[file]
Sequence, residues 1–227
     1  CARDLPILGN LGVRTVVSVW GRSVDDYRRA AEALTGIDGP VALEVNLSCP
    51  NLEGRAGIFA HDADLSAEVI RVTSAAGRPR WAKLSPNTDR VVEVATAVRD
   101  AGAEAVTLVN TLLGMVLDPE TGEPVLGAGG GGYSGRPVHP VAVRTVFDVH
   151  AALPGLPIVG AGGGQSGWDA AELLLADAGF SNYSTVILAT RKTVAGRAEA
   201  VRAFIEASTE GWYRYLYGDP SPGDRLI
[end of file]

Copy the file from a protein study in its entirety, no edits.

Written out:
Sequence, residues 1–227
     1  CARDLPILGN LGVRTVVSVW GRSVDDYRRA AEALTGIDGP VALEVNLSCP
    51  NLEGRAGIFA HDADLSAEVI RVTSAAGRPR WAKLSPNTDR VVEVATAVRD
   101  AGAEAVTLVN TLLGMVLDPE TGEPVLGAGG GGYSGRPVHP VAVRTVFDVH
   151  AALPGLPIVG AGGGQSGWDA AELLLADAGF SNYSTVILAT RKTVAGRAEA
   201  VRAFIEASTE GWYRYLYGDP SPGDRLI